Wednesday, 6 October 2010

What men want

I recently unearthed this article from the Morning Advertiser a few weeks back about what men are looking for in pubs. “A pint of ale, a packet of crisps and some peace and quiet are still what men desire most in a pub,” it says. Certainly suits me. But it goes on to say:
What emerged was a desire for a back-to-basics format, which somewhat reflected pub life back in the 1950s — an era when pickled eggs and bottled beer ruled the roost and television was still reserved for the living room of private homes.

This view seems the antithesis of what licensees in 2010 are being encouraged to offer — where’s the wine, coffee, Wi-Fi, 3D TV and Michelin-starred gastro grub?

Industry watchers and pub companies believe that any licensee pursuing this version of a wet-led, old-man’s boozer is playing to a strictly niche market. Very few examples of this business model will survive in the longer term, we are constantly told.
But, as the article goes on to say, while this model of operating pubs is often dismissed as a thing of the past, there are still a fair number of pubs that do well following that format – the Armoury in Edgeley, which has recently received a thoroughgoing refurbishment from Robinson’s, being a good local example. Many pubs in the Sam Smith’s estate fall into that category too.

It’s certainly the case that most of the pubs where I feel most at home are ones like that – tied house, traditional layout, extensive bench seating, mostly mature clientele and food, while usually served, not allowed to dominate to the exclusion of all else, and they can still be found in this part of the world.

Although it must be said that, from my perspective, this pub in Blackpool sounds like a descent into the seventh circle of Hell:
Veteran licensee Dave Daly, manager of the Castle in Blackpool, says live TV football is the one attraction guaranteed to fill his pub — but he admits it takes much more than a bank of television screens to ensure he gets the right volume of footfall.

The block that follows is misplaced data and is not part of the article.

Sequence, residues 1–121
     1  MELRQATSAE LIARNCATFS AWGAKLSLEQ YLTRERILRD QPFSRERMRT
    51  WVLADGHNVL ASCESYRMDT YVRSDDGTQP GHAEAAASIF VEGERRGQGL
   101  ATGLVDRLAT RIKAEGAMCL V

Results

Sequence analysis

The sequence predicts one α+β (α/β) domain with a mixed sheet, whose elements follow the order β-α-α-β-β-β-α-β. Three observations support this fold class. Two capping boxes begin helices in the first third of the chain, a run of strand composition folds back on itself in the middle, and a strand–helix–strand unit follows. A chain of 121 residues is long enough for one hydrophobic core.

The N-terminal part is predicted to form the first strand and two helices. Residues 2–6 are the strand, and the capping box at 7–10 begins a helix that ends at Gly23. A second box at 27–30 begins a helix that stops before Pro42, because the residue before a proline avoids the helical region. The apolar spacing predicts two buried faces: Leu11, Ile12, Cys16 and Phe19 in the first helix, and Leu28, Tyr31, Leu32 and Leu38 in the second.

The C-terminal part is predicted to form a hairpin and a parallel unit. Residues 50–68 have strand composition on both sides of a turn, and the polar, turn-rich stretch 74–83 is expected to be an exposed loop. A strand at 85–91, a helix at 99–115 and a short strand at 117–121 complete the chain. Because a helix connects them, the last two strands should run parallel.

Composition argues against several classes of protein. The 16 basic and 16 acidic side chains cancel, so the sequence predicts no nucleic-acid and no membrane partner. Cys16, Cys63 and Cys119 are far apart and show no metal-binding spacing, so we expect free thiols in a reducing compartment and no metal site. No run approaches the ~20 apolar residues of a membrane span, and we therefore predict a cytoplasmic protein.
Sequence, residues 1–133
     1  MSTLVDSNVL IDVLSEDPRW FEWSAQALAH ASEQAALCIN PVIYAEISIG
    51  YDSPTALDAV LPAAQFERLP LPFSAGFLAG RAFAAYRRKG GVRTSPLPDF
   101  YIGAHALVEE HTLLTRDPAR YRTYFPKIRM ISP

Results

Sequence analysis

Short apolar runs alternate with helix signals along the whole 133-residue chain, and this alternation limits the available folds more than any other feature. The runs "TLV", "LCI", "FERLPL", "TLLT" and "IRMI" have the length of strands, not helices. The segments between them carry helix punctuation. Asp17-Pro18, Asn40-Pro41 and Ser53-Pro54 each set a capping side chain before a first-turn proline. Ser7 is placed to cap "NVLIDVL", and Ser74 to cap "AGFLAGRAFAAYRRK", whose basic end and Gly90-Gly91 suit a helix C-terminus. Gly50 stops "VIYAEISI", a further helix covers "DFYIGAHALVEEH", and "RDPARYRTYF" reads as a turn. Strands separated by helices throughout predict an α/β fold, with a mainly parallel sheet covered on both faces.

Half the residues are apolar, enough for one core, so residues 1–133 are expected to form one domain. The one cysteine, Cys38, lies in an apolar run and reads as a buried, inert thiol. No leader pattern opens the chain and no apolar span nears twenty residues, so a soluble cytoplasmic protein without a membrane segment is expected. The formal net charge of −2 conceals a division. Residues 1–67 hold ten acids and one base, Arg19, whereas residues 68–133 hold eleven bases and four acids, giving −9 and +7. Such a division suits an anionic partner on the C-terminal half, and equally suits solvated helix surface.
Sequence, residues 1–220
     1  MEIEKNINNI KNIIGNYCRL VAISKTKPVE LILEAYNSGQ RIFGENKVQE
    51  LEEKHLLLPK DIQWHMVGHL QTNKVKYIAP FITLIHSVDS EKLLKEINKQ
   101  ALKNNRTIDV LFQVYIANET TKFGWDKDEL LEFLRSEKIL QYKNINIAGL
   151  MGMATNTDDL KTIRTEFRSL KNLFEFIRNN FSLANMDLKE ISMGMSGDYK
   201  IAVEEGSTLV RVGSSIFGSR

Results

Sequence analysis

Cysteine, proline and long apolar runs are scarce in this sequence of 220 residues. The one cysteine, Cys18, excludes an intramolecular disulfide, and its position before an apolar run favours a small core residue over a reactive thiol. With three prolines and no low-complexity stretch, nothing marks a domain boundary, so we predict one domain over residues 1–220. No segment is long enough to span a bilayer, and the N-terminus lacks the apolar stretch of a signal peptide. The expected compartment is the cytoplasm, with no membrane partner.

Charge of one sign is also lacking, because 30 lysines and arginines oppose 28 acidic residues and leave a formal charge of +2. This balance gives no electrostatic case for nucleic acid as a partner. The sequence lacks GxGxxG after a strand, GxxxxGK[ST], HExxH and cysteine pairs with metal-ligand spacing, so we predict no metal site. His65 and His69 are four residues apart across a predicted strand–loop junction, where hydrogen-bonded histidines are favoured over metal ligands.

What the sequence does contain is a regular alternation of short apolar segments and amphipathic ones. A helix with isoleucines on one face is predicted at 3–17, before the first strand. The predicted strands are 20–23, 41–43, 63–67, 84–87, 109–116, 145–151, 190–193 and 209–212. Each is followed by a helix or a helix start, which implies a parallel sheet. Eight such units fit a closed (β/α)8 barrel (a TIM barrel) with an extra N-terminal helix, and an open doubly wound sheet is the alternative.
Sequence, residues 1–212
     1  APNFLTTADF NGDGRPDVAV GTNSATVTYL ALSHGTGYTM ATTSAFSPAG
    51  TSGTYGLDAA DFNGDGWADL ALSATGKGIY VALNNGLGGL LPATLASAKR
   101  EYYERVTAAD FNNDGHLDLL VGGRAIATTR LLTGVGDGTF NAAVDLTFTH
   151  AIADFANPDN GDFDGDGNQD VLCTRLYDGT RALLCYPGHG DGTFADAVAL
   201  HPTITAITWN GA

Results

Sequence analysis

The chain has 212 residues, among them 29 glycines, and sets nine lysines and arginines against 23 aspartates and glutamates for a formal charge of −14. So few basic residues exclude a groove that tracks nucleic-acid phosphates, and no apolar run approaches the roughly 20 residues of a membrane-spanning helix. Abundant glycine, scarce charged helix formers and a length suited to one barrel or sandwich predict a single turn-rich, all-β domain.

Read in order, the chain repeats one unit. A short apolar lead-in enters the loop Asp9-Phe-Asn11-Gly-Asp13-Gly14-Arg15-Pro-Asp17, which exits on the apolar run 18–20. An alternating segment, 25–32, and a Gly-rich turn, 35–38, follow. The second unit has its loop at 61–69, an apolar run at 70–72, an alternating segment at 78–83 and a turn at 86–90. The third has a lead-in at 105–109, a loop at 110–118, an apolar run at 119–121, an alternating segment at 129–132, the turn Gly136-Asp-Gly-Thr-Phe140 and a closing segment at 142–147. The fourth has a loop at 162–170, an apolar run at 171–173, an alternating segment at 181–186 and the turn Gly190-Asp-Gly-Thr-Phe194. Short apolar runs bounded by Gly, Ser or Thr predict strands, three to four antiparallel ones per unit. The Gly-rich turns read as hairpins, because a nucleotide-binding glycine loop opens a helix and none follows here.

The Town & City Pubs-owned venue, in the shadow of the resort’s famous tower, has the space to hold 800 customers on two floors — and on key Saturdays Daly says numbers can often approach capacity.

“We have 28 screens in total and we need every one of them. But getting things right in other areas is crucial,” he says. “Proper staffing and stock control are essential to cater for such high numbers and plastic glasses are also essential.

“It’s very much a male-dominated audience and lager sales go through the roof. We don’t do any food; it’s vertical drinking all the way and our take is often 15% or 20% up on a big Saturday,” he reveals.
Wow, lager in plastic glasses, 28 screens and vertical drinking – must jump on that train to Blackpool!

Edit: There’s a picture of the Castle pub in Blackpool here. It looks just as you would expect.

14 comments:

  1. It all depends what you want out of a bar, Mudge.

    If you want to play dominoes with the old timers, get yourself down an old mans pub.

    If you want to pull an orange coloured scouse lass after a skin full of lovely lout get yourself down to Blackpool.

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  2. That's one of the great dilemmas of life, really...

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  3. It's as though there's enough space in the market for both of these (and more) to exist. I know which I prefer, and I'm happy that there are pubs for all tastes.